America is unique among developed nations in that (1) our sense of community is not derived from religious or racial homogeneity; (2) our government is structured to defend the minority from the unrestrained will of the majority; (3) we practice thankfulness without mandating worship. One of the gems–even the linchpin–in this bond is our national holiday of Thanksgiving.
Alexis de Tocqueville, a Frenchman, wrote in his two-volume deep dive into American community, titled “Democracy in America,” that our “associations” promote a strong bond that can survive even the most turbulent political upheavals. In fact, within 25 years of publication, our nation would be locked in the bloodiest war in the history of this continent. We survived it, not because the North defeated the South, or because slavery, as an institution, was removed from our laws, but because the humanity of our common bonds of association allowed General Grant to parole men who were up to that point, the enemy, to return to their homes free and undivided American citizens.
I’m fascinated by how many other nations celebrate this holiday, in imitation of America. In 2018, Voice of America looked at Canada, Grenada, Liberia, Japan, and Germany. As for Canada, it’s our neighbor to the north, and many of our own cultural proclivities are shared with fellow North Americans. They just do it earlier (in October) because, well, it gets cold in November up there (I assume that’s the reason, plus it’s a harvest holiday).
If you look at the other nations, they have one thing in common. Grenada celebrates Thanksgiving on October 25: The day American Marines, ordered by President Ronald Reagan, liberated them in 1983. Liberia was established by freed slaves, and retains many symbols of American culture, including our Thanksgiving Day. Japan and Germany were liberated–their fascist and militaristic Bushido imperial governments utterly defeated–and rebuilt by American investment and philanthropy.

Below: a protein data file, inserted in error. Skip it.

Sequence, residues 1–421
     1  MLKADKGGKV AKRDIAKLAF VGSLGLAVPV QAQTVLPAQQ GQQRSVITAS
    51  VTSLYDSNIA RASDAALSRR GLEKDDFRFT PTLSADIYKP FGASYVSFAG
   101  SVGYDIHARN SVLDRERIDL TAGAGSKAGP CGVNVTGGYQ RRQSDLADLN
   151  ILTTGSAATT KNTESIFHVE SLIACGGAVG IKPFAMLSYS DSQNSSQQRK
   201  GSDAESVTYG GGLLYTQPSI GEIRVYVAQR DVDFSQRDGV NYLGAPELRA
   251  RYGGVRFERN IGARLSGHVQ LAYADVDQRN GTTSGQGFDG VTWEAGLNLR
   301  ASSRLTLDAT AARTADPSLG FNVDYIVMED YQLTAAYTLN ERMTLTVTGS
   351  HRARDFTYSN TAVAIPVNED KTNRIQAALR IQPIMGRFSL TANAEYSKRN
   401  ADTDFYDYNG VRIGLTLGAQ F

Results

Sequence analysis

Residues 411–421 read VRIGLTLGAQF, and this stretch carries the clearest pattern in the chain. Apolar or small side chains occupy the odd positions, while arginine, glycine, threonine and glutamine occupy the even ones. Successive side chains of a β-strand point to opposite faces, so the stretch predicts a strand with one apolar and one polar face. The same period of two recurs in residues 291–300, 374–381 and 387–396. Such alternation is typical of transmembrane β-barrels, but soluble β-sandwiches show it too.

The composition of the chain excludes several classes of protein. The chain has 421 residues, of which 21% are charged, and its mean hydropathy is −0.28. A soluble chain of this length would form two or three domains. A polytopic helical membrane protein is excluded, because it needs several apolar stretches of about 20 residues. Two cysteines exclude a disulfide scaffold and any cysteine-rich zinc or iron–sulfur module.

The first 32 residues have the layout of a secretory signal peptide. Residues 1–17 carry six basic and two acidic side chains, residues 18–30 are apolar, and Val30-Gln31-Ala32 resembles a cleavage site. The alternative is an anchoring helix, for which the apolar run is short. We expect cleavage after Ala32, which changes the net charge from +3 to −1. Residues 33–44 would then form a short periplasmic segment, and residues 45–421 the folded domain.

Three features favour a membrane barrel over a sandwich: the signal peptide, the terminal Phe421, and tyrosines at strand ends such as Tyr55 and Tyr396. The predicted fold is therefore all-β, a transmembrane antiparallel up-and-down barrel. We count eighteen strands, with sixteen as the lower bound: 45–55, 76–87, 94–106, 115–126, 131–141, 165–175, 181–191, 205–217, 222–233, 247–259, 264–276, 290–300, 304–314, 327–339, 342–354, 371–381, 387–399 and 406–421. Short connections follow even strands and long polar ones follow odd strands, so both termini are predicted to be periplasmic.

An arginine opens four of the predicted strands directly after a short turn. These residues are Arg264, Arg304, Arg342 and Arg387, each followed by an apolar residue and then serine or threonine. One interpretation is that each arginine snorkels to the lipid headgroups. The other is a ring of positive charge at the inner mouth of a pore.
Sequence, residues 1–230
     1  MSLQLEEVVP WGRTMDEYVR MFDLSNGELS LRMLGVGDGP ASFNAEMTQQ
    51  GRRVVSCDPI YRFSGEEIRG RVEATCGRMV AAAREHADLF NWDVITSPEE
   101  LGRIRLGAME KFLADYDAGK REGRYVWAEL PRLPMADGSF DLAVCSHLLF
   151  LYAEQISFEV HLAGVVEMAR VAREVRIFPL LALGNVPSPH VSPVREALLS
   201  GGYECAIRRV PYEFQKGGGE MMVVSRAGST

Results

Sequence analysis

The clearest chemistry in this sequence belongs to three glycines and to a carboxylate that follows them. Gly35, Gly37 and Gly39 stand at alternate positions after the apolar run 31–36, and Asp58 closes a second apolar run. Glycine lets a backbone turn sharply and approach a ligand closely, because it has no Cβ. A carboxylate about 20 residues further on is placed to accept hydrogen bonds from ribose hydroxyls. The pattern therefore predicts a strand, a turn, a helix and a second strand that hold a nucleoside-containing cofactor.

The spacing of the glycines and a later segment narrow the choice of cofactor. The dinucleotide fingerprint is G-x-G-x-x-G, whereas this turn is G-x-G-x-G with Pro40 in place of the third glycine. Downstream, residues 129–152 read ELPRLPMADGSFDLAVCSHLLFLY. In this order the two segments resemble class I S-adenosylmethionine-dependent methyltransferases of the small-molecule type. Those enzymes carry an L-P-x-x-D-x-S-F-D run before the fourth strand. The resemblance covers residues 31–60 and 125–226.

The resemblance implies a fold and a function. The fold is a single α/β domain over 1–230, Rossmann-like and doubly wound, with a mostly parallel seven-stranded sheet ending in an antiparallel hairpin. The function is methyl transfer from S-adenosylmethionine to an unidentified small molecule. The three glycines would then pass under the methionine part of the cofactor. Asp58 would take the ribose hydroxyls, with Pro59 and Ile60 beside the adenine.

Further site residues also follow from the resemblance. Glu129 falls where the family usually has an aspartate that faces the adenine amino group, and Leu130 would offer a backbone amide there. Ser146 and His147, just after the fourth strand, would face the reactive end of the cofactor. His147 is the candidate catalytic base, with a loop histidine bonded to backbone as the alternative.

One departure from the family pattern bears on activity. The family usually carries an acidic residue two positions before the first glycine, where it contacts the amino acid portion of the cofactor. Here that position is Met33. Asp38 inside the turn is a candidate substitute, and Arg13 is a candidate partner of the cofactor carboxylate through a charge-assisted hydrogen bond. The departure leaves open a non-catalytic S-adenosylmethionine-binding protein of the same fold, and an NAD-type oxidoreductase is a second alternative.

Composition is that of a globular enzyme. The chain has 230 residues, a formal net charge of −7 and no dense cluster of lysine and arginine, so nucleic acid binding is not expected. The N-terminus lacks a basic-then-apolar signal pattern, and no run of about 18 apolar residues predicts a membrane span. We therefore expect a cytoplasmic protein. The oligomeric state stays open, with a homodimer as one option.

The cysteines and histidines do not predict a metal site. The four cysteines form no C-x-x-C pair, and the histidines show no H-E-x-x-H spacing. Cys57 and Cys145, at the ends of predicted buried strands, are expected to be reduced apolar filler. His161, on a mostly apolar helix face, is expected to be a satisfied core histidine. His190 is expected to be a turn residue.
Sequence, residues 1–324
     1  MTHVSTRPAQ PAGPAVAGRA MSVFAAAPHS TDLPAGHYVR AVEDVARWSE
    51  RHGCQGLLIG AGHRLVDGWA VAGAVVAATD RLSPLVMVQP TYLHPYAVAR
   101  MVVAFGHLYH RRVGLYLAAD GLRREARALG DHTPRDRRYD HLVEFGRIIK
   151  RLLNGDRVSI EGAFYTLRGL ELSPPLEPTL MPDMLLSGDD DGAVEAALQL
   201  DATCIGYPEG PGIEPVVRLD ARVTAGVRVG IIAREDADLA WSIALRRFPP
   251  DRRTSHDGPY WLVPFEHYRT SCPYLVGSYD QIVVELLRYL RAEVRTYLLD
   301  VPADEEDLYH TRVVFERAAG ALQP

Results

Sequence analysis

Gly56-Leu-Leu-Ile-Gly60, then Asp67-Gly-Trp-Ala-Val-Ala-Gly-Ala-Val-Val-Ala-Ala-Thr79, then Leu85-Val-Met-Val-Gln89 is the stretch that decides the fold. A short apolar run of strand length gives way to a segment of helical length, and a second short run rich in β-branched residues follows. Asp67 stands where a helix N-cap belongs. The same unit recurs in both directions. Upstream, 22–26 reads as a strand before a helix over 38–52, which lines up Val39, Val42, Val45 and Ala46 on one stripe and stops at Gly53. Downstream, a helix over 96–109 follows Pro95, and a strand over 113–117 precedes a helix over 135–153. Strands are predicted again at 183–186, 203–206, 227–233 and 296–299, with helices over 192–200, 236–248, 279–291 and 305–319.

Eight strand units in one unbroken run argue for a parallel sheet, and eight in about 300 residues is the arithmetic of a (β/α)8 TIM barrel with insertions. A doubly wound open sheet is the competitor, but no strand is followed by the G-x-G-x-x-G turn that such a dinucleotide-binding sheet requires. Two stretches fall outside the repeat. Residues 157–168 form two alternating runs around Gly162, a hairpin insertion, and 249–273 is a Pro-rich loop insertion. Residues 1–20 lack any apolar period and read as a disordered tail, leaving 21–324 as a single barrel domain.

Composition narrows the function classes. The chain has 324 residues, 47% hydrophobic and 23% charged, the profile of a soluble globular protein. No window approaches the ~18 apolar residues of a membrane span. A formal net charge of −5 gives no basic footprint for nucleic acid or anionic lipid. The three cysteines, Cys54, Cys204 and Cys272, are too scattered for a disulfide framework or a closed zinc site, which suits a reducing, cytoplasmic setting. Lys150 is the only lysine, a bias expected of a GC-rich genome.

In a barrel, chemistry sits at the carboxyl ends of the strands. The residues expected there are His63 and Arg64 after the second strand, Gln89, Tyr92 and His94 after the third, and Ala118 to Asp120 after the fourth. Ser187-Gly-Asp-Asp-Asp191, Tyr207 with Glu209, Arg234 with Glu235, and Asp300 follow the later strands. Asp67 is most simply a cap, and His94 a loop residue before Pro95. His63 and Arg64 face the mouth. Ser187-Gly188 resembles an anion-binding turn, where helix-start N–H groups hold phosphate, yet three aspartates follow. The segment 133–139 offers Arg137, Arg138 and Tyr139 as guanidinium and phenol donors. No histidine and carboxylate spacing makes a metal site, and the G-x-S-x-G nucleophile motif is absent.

America has defended liberty around the world, and nations display their gratitude by adopting our Thanksgiving. This in itself demonstrates the power of the holiday.
In America, we generally associate Thanksgiving with the arrival of the Pilgrims, who were religious refugees from England, which had (and has) a state religion. In the past, even publishing a Bible translation earned a death sentence (see Jan Hus or John Wycliffe), and practicing a more fundamentalist, or “pure” (as they were called “Puritans”) faith earned persecution. The pilgrims arrived in the New World, where there was no infrastructure to support them.
In that first winter, over 40% of the pilgrims died, and the community was in danger. In what our kids learned, until radical “critical race” theory made it impossible to teach, the friendly Wampanoag heard the settlers gunshots as they hunted, and their chief Massasoit took 90 warriors to see if this was preparation for war.
When he realized they were just hunting, he joined them and they feasted together for three days.